Feb. 10, 2020

Sheikh Mohamed Bin Saif Al Nahyan

UAE, Abu Dhabi

Sheikh Mohamed Bin Saif Al Nahyan

Chairman, Abu Dhabi National Insurance Company (ADNIC)

“Apart from the penetration rate and share of the insurance industry in the overall economy, insurance is the backbone of commercial businesses as no enterprise can operate without it.”


Sheikh Mohamed Bin Saif Bin Mohamed AlNahyan is the Chairman of Abu Dhabi National Insurance Company (ADNIC). In addition, he has been a Board member of First Abu Dhabi Bank (previously National Bank of Abu Dhabi) since 2006 and he is a member of the Business Management Committee in the aforesaid Bank.

What key factors have contributed to your recent profit growth, and how does diversification feature in this?

We can attribute our success to a culture of teamwork and a commitment to developing, mentoring, guiding and empowering our people. Through comprehensive training we have also provided a platform for our employees to up-skill, and we were proud to recently host the globally renowned motivational speaker Ron Kaufman. Another contributing factor to our success is the continuous improvement of our processes. As a leading multi-line insurer with a wide range of General, Health and Life products, business diversification does play a role in ADNIC's success, however we do not pursue breadth at the expense of profitability or service quality. ADNIC is a company that adds value by caring for and meeting the expectations of its customers. It is an ongoing task to keep abreast of the evolving expectations and needs of our existing and potential customers.

What is the significance of your recent partnership with Al Etihad Credit Bureau regarding the controlling and managing of risk across your operations?

A major challenge in the insurance market is receivables, and signing the agreement with Al Etihad Credit Bureau is in line with ADNIC's mission to adopt innovative solutions in the insurance industry and implement international best practices. The move helps to further strengthen our ability to control and manage credit risk exposure in our operations, and in turn proactively select clients on the basis of appropriate credit and financial screening.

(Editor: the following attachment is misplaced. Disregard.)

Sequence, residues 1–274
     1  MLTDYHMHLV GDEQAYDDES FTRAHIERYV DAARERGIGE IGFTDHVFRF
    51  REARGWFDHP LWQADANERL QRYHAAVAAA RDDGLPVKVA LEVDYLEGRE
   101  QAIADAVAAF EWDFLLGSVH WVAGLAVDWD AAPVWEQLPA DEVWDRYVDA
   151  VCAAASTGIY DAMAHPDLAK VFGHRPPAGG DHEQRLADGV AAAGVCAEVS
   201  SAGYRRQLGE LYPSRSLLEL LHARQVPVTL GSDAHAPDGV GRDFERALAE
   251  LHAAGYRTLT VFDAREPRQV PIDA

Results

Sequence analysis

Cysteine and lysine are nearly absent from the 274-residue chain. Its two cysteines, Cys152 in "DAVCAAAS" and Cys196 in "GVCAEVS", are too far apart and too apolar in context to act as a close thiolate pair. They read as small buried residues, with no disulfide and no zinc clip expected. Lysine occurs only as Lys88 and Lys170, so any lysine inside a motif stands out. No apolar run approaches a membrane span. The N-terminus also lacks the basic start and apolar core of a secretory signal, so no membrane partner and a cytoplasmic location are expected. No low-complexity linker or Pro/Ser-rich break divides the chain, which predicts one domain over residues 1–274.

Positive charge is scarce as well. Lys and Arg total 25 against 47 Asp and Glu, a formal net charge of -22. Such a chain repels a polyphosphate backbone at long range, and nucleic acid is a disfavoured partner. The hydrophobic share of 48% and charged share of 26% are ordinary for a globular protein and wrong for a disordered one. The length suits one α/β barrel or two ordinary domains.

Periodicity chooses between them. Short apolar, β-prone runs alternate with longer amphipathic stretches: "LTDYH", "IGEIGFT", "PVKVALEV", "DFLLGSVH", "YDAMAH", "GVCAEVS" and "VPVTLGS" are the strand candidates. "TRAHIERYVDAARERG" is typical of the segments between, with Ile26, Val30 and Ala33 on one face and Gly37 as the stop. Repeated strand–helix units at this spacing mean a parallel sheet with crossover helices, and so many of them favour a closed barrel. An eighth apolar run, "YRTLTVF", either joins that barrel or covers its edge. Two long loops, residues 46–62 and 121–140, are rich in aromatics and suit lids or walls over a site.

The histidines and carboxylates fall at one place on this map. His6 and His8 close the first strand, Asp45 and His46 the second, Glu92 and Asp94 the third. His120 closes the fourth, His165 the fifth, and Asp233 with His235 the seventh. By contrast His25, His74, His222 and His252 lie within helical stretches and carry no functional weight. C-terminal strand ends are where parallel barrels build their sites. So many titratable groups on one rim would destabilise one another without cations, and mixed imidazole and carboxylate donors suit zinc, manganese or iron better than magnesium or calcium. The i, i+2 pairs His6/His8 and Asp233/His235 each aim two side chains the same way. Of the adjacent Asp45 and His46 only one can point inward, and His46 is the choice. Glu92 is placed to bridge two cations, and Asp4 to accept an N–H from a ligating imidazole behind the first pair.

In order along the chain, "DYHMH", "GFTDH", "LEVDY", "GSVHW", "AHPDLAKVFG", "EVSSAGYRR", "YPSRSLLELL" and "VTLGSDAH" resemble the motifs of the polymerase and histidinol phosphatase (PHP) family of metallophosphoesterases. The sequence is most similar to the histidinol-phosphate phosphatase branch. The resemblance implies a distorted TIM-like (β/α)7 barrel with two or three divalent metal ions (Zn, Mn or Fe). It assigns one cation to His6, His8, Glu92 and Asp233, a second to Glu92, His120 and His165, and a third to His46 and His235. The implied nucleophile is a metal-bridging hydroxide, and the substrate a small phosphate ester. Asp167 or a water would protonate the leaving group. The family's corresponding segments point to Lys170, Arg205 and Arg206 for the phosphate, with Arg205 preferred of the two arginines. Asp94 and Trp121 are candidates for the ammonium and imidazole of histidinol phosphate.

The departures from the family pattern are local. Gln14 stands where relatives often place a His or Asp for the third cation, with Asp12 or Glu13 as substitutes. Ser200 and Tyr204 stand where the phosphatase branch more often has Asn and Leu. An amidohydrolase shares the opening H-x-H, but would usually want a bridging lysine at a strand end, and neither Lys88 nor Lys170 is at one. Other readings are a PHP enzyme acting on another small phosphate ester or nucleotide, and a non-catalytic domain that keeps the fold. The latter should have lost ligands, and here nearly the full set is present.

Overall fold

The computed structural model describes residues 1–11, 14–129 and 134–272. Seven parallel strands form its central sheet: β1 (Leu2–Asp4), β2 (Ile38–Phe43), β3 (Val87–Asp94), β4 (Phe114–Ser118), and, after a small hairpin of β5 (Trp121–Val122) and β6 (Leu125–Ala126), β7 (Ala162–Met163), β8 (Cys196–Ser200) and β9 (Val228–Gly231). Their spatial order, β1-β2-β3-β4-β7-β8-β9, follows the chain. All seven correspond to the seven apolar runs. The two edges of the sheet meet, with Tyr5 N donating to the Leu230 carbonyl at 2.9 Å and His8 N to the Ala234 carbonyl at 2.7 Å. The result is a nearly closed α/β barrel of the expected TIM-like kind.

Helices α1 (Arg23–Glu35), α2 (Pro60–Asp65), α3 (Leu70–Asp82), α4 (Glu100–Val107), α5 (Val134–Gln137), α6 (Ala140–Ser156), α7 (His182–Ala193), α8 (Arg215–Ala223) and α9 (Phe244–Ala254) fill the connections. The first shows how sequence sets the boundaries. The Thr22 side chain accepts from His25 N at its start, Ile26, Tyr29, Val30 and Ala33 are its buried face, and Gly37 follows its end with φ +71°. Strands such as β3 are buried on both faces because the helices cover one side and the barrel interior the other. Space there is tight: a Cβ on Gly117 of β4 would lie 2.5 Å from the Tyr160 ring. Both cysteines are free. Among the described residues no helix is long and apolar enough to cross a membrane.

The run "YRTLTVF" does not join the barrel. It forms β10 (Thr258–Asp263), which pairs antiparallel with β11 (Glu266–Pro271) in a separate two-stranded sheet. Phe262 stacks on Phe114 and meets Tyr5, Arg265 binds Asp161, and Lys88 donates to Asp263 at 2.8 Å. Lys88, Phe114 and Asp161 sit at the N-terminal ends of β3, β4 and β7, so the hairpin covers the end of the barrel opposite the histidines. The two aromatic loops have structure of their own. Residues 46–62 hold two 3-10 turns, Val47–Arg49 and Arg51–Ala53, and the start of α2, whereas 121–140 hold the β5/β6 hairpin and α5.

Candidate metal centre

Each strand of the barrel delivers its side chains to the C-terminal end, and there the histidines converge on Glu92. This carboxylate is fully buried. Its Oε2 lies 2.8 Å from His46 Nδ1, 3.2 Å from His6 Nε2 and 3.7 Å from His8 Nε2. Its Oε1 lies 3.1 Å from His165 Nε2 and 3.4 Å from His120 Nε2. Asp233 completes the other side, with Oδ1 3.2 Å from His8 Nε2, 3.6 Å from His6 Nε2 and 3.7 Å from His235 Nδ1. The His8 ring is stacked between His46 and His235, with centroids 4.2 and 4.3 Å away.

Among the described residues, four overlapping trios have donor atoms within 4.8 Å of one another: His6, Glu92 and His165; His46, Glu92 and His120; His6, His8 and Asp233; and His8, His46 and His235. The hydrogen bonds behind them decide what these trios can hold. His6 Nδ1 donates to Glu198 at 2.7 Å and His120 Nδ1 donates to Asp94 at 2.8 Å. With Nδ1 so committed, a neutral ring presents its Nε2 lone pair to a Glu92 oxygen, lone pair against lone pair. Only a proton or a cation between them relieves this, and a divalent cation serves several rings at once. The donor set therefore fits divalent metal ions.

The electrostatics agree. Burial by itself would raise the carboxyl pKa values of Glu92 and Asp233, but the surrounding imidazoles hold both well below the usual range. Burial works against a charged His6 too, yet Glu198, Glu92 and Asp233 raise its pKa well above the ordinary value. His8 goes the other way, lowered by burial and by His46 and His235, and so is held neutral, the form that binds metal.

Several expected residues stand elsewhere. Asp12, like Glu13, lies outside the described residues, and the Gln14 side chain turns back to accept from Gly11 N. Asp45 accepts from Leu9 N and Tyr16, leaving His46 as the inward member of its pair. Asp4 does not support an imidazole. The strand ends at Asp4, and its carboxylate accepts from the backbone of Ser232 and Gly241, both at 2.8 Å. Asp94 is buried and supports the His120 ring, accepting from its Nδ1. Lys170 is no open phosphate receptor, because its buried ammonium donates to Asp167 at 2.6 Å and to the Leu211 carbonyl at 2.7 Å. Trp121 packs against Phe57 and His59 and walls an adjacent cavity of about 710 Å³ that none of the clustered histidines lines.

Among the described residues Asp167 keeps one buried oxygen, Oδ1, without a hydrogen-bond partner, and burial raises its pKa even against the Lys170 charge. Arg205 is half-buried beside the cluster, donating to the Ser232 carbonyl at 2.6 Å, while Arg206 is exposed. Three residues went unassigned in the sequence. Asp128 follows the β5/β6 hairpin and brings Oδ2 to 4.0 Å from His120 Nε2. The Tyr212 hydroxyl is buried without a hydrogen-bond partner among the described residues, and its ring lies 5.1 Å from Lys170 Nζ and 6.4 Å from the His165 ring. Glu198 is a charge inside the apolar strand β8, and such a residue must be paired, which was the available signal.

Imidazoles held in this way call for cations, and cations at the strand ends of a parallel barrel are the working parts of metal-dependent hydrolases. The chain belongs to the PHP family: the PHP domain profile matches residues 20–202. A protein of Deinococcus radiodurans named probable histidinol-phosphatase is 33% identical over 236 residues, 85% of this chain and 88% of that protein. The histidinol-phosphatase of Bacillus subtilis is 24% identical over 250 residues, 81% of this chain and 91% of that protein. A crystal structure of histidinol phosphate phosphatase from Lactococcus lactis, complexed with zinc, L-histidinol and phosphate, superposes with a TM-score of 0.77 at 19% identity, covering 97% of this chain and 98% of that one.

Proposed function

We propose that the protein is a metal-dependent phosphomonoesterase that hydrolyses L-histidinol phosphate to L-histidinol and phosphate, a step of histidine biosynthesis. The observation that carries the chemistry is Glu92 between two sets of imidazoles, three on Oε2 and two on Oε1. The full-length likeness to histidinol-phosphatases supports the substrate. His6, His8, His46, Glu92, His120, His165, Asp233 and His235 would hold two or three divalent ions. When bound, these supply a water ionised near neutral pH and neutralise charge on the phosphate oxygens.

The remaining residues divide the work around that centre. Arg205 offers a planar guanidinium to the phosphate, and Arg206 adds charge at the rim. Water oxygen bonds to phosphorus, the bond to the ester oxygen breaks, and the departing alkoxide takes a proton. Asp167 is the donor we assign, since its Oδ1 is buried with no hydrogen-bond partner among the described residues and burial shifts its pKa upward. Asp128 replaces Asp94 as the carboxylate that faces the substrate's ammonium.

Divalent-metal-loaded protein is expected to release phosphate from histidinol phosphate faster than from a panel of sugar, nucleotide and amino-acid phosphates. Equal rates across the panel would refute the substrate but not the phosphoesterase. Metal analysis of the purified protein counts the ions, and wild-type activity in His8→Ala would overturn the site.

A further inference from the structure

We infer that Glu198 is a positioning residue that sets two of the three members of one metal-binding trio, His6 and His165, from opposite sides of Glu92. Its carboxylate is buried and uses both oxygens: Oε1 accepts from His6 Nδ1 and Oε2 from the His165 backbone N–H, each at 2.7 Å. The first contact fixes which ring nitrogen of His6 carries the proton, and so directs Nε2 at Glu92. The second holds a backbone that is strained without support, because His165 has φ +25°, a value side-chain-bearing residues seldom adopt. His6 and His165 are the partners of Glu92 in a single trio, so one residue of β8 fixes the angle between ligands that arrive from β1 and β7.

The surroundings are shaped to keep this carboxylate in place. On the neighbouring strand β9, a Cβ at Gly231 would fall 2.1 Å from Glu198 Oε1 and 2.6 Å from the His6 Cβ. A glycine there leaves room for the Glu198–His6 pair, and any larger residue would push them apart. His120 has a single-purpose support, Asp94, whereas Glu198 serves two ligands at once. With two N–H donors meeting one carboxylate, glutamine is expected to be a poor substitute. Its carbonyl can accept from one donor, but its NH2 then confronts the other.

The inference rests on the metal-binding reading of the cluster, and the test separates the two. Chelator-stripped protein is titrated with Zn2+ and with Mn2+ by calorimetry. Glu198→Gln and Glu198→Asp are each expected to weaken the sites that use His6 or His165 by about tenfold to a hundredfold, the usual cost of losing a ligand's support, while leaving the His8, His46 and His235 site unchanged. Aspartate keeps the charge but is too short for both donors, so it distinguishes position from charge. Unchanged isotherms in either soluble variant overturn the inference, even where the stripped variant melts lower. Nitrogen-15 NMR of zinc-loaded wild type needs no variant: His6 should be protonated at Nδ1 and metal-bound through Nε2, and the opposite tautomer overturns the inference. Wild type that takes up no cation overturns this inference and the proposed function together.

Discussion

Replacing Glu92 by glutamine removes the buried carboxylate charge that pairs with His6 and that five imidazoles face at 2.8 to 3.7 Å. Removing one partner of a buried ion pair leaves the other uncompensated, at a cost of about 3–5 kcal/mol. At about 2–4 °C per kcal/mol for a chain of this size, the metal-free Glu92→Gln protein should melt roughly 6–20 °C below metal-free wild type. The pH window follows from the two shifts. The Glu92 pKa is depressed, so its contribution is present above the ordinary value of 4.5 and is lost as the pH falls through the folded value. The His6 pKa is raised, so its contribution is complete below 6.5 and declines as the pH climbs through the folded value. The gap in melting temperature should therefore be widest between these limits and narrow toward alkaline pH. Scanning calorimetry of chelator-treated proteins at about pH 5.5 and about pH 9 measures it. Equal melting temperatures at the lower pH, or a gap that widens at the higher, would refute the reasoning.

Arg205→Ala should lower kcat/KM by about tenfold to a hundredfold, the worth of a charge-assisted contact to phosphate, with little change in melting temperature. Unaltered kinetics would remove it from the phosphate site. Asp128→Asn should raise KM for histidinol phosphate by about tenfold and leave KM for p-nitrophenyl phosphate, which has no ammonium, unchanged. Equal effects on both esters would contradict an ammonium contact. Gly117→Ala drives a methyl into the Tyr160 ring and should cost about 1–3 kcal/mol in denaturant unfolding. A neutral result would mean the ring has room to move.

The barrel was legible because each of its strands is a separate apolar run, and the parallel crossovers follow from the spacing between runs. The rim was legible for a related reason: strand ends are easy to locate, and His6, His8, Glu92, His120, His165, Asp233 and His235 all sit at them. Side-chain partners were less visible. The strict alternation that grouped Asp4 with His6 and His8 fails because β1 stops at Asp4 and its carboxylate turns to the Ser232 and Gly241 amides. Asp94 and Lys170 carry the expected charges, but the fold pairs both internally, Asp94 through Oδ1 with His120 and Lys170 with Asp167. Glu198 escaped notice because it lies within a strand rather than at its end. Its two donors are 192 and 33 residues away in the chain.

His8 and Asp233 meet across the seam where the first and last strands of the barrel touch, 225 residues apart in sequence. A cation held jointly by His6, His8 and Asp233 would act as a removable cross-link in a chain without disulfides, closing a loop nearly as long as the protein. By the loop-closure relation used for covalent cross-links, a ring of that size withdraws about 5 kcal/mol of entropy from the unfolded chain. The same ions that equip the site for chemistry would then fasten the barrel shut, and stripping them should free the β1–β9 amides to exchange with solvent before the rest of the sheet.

What is your view on the Insurance Authority, and its contribution to market development?

The regulator always adds value to the sector and ensures best practices are implemented. Additionally, they ensure that companies can continue to operate and honour the obligations to meet minimum solvency margins. The Insurance Authority sets clear financial guidelines and is also a strong advocate of clear, regular financial reporting, which is currently at a level of extensive electronic reporting. Among the most important financial guidelines issued by the regulator are investment allocations for different asset classes, like real estate and equities. The solvency margin and capital adequacy are important in safeguarding the interests of policy holders and shareholders alike. Another notable exercise is the price review, which requires half- yearly reports from companies on the performance of each business line. This gives the Insurance Authority accurate data on the state of the industry, both individually and overall, including CEO-level input on prospective developments.

What would be the role of technology when it comes to streamlining processes?

Investment in technology is a major focus for ADNIC, we are aware that adoption of automation and digitization will be necessary to meet the expectations of our clients. Furthermore, we appreciate that our clients and retail customers are keen to access insurance processes via their smart phone. Mobile apps, which allows individual customers to buy insurance, to launch and to follow up on their claims through their devices, and enabling call centers to respond immediately to simple transactions for basic products are activities that require deep technology adoption.

How can the insurance industry continue to evolve and what are your expectations looking ahead?

Regarding the contribution of the insurance industry in the overall economy the penetration rate in the UAE today is below 2.5%, or one- third of the European average. Therefore, the contribution of insurance to GDP is thin, however, the penetration rate in the UAE is still higher than most of the countries in the region. The positive side of this is growth potential. Apart from the penetration rate and share of the insurance industry in the overall economy, insurance is the backbone of commercial businesses as no enterprise can operate without it. With more than 60 players in the market, the sector is clearly highly competitive, and therefore M & A activities may happen but this could take some time. We are optimistic and project growth both at the top and bottom line, and see signs of growth in the market and the wider economy.